I am working my way through a series of letters sent between my Scottish ancestors and their families and friends in Scotland, Canada, and the USA. You can find my introduction to the letters here. Their authors have included some fascinating morsels of information about everyday life, and the nature of their letters also tells us about channels of communication that were maintained by Scots, regardless of where they travelled.
One thing that is immediately noticeable across these letters is that the authors were focussed on the putting the most important news first: that of their health and the health and wellbeing of family members and close friends. Unfortunately, this means that a number of the letters begin with news of recent (and not so recent) deaths.
This practice tells us a few important things:
- How long it’s been since the sender and receiver communicated
- Prevalent illnesses
- Familial and community ties
- Dates and causes of deaths
In this week’s post, I’ll be looking at some of the diseases that are discussed in the letters and the prevalence of death in the letters and in the lives of these Scots, both home and overseas.
On 20 May 1861, Elizabeth Gilchrist wrote a letter from her home in Scotland to her sister Janet (Gilchrist) Shearer and their siblings in Otanabee, Canada. In the introduction, Elizabeth explains that her mother had received their letter six weeks earlier, that they were all happy to hear that everyone was fine, and that this is her first letter to them. Several references to events that happened three years ago indicate that they have not been in contact for over three years.
Elizabeth immediately launches into a summary of the state of family and friends that would be of interest to her siblings in Canada.
‘My mother is in ordinary health for her age but failing fast.’
‘John and his wife are still in Burnside but we have no correspondence with them but no family yet.’
19th century Scottish families tended to be large and the Gilchrist and Shearer families were no exception. Elizabeth’s comment suggests that John and his wife are having difficulty conceiving, which could have been due to any number of reasons.
‘Thomas and his family are still at Longridge. The have eight daughters alive and Agnes died of consumption three years ago aged eleven. They have three sons.’
Consumption, now known as tuberculosis or TB, is a highly contagious, potentially fatal disease that mainly affects the lungs. It was the cause of one in every seven deaths in Europe at this time and was the number one killer of young people in the United States by the end of the 19th century.
In January 1862, James Shearer writes his brother Gavin (Janet’s husband?) in Otanabee with some terrible news. First, he apologises for not writing sooner after reading of Gavin’s son’s death. Then he explains that he has been coping with the death of his own son:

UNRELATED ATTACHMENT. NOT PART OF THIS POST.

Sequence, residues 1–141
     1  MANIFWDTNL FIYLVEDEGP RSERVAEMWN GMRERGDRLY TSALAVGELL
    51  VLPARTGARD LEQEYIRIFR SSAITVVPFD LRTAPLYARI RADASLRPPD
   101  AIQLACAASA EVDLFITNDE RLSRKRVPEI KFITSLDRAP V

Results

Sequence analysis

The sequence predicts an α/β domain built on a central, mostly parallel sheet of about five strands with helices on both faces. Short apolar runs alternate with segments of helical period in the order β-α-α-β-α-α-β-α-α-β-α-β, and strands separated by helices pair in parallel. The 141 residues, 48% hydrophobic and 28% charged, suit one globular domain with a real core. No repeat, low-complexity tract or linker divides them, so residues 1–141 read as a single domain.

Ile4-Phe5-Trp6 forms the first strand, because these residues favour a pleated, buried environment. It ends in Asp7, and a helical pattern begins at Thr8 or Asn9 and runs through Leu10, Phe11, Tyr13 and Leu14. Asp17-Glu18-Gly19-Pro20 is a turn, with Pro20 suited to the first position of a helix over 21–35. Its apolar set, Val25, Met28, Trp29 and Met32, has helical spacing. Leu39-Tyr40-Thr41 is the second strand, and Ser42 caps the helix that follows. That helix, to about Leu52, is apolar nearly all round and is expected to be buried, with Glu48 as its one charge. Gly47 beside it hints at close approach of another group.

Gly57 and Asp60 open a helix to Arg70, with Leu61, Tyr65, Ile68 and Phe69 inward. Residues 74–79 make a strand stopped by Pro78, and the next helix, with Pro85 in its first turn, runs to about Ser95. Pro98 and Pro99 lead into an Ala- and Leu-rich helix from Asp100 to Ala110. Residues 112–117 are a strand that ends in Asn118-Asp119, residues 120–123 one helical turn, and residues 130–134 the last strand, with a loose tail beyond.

‘I have the heavy news to write to you that my son Thomas Shearer died on the 18th December of croupe. Some of the rest of us were also affected but all got round again. Your good brother William Brownlee and Agnes Gilchrist had four of their family buried of the same disease last week. William their son was buried on the 13 Jan. and Thomas, Elizabeth, & John on the 18th of the same week. They are now disconsolate having only one son named Peter left of five of a stout family.’
Croupe is a viral infection of the larynx which is considered a minor childhood disease today, but in the 19th century it was associated with diphtheria, a highly contagious and potentially fatal upper respiratory disease that was at its worst in the winter months, as the letter sadly demonstrates. What a devastating blow to that family.
Elizabeth’s letter to Janet from 17 May 1869 gives her recipient (and us) some updates on the family’s overall health.
‘Mother was very glad to hear from you. She is in better health now than she was a year ago. She came here a year past… and turned unwell and was many the night I thought she would not see morning but she came round a little in spring. She went away home in July. She was here this winter again and is away home. … The rest were very attentive in coming to see her when she was unwell.’
‘John and wife are well. They have one daughter between four and five years old but there is no appearance of any more.’
Now we know that the couple were able to have a child, but such a gap, as Elizabeth points out, indicates that things aren’t quite normal.
We see some much-wanted positive news about Agnes and William:
‘Agnes and husband and family are in good health. They are still in their little farm. They have done very well in it but the lease is nearly done. They have two sons and two daughters living and three sons and one daughter dead. Agnes is in better health than what she was some years ago.’
Elizabeth is referring to the four children they had lost due to diphtheria.